There are a lot of reasons that people may suggest not drafting a player. It could be based on injuries (both a high risk for one or the recovery of a previous one), potential loss of playing time, diminishing performance or various things in between. Let’s take a look at five catchers I likely won’t be drafting in 2012:
1) Elvis Andrus – Texas Rangers
I am one of Andrus’ biggest supporters, but things have gotten a bit out of control. According to Mock Draft Central his ADP is currently 44.37, a mark that outweighs what he has accomplished thus far in his career. Granted, he has shown speed (at least 32 SB in each of his first three seasons) but what else can we really expect?
- He is not going to hit for power, with just 11 career HR and a groundball rate of 57.5%.
- He hits near the top of the order, so RBI aren’t going to be there.
- He should score runs, but 100 is probably his ceiling hitting in the second spot. You have to keep in mind that he may have to give himself up to advance Ian Kinsler and help produce a run, something a leadoff hitter rarely has to worry about.
Is there potential for him to improve on his .271 career average? Absolutely, but can we reasonably expect him to suddenly become a .300 hitter? That’s what he would need to do, and that’s a risk I am not about to make with a fourth round pick.
You can argue that, if he could keep it together for an entire season, he could be a 45+ SB threat. Again, is that a gamble you are willing to take? Dee Gordon has the potential to steal just as many, if not significantly more, bases than Andrus and he is going 100 picks later. There’s just not enough there to justify selecting him at this spot.
2) Derek Jeter – New York Yankees
His name value alone is going to drive him up draft boards, but we all know that he is not the same player that he once was. He’s coming off one of his worst professional years, having hit .297 with 6 HR, 61 RBI, 84 R and 16 SB. Yes, hitting atop the Yankees order you would expect better numbers and the potential to push 100 R, but can we say for certain that Jeter will remain on top all year long?
Now 37-years old, Brett Gardner’s got a significant advantage in the speed department and could be a more dynamic sparkplug for the Yankees offense. Seeing him take over at the top will either send Jeter to hitting second or ninth. Regardless, seeing him return to his “normal” numbers would be a longshot.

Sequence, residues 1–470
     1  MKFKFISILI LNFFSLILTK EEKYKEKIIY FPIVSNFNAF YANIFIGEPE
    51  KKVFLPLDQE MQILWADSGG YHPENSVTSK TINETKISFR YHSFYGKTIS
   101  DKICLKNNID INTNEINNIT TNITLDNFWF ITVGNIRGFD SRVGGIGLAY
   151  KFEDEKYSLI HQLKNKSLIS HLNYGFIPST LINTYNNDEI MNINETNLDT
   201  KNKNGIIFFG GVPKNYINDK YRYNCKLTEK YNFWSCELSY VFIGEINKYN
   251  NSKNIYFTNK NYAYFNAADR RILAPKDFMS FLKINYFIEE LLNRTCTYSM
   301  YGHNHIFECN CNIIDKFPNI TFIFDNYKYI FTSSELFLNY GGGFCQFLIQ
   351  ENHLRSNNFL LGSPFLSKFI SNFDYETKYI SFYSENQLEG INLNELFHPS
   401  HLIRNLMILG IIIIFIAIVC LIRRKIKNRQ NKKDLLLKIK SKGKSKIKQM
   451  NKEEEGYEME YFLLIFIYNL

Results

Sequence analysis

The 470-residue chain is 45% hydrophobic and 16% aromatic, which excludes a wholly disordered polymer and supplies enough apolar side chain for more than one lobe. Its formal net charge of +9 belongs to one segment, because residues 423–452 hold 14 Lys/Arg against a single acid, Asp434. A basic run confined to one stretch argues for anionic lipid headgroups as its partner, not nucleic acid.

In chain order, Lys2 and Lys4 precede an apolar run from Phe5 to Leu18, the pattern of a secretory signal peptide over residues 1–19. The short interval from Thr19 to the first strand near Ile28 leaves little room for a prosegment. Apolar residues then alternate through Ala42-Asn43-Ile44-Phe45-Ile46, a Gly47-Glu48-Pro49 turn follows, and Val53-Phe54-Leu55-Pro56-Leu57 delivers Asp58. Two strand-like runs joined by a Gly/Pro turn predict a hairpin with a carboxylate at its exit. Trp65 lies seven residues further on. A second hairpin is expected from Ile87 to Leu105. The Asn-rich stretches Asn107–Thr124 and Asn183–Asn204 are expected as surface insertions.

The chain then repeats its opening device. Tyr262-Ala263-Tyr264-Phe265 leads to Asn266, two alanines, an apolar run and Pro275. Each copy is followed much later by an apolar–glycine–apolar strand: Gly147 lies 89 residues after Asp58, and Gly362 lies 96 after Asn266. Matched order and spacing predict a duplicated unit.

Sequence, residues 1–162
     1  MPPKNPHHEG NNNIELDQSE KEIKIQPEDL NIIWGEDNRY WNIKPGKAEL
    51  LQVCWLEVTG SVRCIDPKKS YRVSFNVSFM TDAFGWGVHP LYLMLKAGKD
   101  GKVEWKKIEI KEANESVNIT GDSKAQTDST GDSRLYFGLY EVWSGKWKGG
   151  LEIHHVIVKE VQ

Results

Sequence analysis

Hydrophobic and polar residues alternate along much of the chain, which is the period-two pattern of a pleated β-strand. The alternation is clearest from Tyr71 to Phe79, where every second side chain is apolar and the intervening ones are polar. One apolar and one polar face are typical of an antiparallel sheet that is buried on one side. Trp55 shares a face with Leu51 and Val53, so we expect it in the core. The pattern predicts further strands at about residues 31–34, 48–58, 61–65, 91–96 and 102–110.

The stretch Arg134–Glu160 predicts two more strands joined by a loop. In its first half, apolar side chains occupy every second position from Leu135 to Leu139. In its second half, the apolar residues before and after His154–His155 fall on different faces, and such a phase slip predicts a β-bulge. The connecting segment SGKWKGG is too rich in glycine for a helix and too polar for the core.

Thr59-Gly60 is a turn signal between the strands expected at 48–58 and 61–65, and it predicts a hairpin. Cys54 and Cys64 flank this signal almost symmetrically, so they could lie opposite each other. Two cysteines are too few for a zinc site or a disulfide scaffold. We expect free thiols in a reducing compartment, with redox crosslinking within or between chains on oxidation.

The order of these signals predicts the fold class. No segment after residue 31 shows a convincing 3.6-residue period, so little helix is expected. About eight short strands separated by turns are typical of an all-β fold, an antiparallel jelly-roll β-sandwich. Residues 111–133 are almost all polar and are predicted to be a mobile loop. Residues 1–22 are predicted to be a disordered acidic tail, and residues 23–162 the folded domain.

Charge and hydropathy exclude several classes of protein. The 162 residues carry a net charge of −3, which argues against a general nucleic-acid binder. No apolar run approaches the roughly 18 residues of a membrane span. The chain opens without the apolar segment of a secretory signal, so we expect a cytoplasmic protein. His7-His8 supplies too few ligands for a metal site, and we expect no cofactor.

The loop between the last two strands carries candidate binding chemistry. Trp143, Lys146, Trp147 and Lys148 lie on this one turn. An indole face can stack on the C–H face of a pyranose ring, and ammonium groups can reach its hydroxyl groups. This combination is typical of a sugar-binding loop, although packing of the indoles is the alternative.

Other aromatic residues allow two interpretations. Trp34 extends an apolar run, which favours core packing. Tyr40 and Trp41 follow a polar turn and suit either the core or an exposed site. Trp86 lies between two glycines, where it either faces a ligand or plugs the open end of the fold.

3) Rafael Furcal – St. Louis Cardinals
Time and time again owners who have rolled the dice on Furcal have been burned by him missing time due to injury. In the past four years he’s had more than 383 AB just once (613 in ’09). Even if he played full-time in ’11, do we really think he would’ve done enough to justify using him? In 333 AB he hit .231 and stole just 9 bases. He’s never going to be a power hitter so, if he’s not going to be a lock to steal 30+ bases, he’s a waste of a spot. I’d much rather roll the dice late on a shortstop with upside (Cliff Pennington, Zack Cozart) as opposed to a player that easily could fail to produce.
4) Yunel Escobar – Toronto Blue Jays
It has nothing to do with where he’s being drafted or anything like that. It’s just, in my opinion, he doesn’t bring nearly enough to the table to have him on my roster. He’s not a source of stolen bases. He’s never hit more than 14 HR. He’s a career .289 hitter. He’s a solid player, but he’s one that is better in real life than he is for fantasy owners.
When I am going to draft someone I want him to bring something to the table. Escobar is average all across the board, but he doesn’t excel anywhere.
5) Emilio Bonifacio – Florida Marlins
I included him as a third baseman to avoid, and the same argument holds water when you are going to consider him as a shortstop. Like I said previously, if he was going to be hitting leadoff he would have avoided all lists, but hitting second in the order is not conducive for his game.
How often is he going to be allowed to run when Hanley Ramirez or Mike Stanton is at the plate? How often is he going to give himself up to advance Jose Reyes, meaning he’s not on base and can’t score runs. Then you mix in his potential regression thanks to a high strikeout rate (20.1%), inflated BABIP (.372) and lack of power and there is a ton of risk involved.
What are your thoughts on these five players? Will you be targeting any of them on draft day? Why or why not?
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Make sure to check out our look at other players to avoid for the 2012 campaign: